The U.S. Navy has lowered qualification requirements to enlist as the branch struggles to meet its recruitment goals.

The branch will now allow recruits who did not graduate from high school or get a GED.

It’s reportedly the second time in roughly a year the Navy has lowered its education standard to meet enlistment marks.

From the Associated Press:

The decision follows a move in December 2022 to bring in a larger number of recruits who score very low on the Armed Services Qualification Test. Both are fairly rare steps that the other military services largely avoid or limit, even though they are all finding it increasingly difficult to attract the dwindling number of young people who can meet the military’s physical, mental and moral standards.

Under the new plan, Navy recruits without an education credential will be able to join as long as they score 50 or above on the qualification test, which is out of 99. The last time the service took individuals without education credentials was in 2000.


“We get thousands of people into our recruiting stations every year that want to join the Navy but do not have an education credential. And we just turn them away,” said Vice Adm. Rick Cheeseman, the Navy’s chief of personnel, in an interview Friday with The Associated Press.

He said that of the more than 2,400 who were turned away last year, as many as 500 of them could score high enough to get in. He said he has already sent an order to his recruiters to start the new expanded effort, adding, “I’m hoping all my recruiters have called all 2,442 of them in the last 72 hours, and we’ll see how it goes … We’ll try to get some test takers this weekend.”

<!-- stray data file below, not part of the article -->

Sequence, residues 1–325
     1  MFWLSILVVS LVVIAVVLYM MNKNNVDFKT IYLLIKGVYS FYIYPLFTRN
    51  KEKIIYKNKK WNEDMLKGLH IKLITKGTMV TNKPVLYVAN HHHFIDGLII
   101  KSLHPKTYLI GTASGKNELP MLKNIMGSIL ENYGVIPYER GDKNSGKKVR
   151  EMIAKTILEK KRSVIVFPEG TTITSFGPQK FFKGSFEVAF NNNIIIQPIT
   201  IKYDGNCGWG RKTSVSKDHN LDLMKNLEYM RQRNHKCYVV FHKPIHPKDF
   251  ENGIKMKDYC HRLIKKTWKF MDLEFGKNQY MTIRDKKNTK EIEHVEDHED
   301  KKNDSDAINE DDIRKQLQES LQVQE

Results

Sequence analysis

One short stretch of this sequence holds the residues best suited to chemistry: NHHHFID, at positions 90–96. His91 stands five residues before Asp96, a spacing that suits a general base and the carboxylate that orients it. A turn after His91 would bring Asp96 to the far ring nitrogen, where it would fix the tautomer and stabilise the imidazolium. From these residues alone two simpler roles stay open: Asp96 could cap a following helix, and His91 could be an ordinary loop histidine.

According to USNI News, the Navy missed all its recruiting goals in Fiscal Year 2023.

Per USNI News:

The Navy missed its enlisted sailor goal by 7,464, according to the sea service’s numbers published Tuesday. It aimed to recruit 37,700 sailors, but ended the FY 2023 with 30,236. The service met its active-duty enlistment goal in Fiscal Year 2022 by a thin margin, USNI News previously reported.

The sea service fared no better with officers or reserve personnel. It missed the officer goal by 452, enlisted reserve goal by 2,048 and officer reserve by 773.

Despite the failure to meet its goals during the last fiscal year, the Navy has set higher goals for the FY 2024, likely to account for the lower recruiting year.

In FY 2024, the Navy aims to recruit 40,600 enlisted sailors, 2,807 active-duty officers, 7,629 enlisted reserve sailors and 1,785 reserve officers.

Although the Navy missed its recruiting goals, the service gained 6,000 more contracted future sailors in FY 2023 than it did in Fiscal Year 2022, Lt. Cmdr. Richard Parker told USNI News in an email.

The recruitment difficulties aren’t exclusive to the Navy.

The U.S. military continues to miss its recruitment goals across numerous branches.

Stars And Stripes explains:

Last fiscal year, which ended Sept. 30, the Navy, Army and Air Force all failed to meet their recruitment goals, while the Marine Corps and the tiny Space Force met their targets. The previous fiscal year, the Army fell 15,000 short of its enlistment goal of 60,000, and the other services had to dig into the pools of delayed entry candidates in order to meet their recruiting numbers.

Last year, the Navy’s enlistment goal was 37,700, but the service brought in just 31,834. This year, Cheeseman said, he set the goal higher — at 40,600. The total size of the Navy for 2024 is set at 337,800.

“I need these sailors. So it’s a stretch goal. We’re telling our recruiters to go get 40,600 people to join the Navy,” he said. “We don’t fully expect to get that many. But we’re going for it.”

The other services have largely balked at such changes.

The Navy is the only service that enlists anyone considered a “category four” recruit, meaning they scored 30 or less on the qualification test. The service expanded the number of those category four recruits arguing that a number of jobs — such as cook or boatswain mate — don’t require an overall high test score, as long as they meet the job standards.

The Army will only take those lowest scoring candidates into their so-called Future Soldier Prep Course, which gives them weeks of instruction and the opportunity to increase their score in order to make the grade and enlist. The Navy allows low-scoring recruits to go through its Future Sailor Prep Course but doesn’t require an increased score to enlist.

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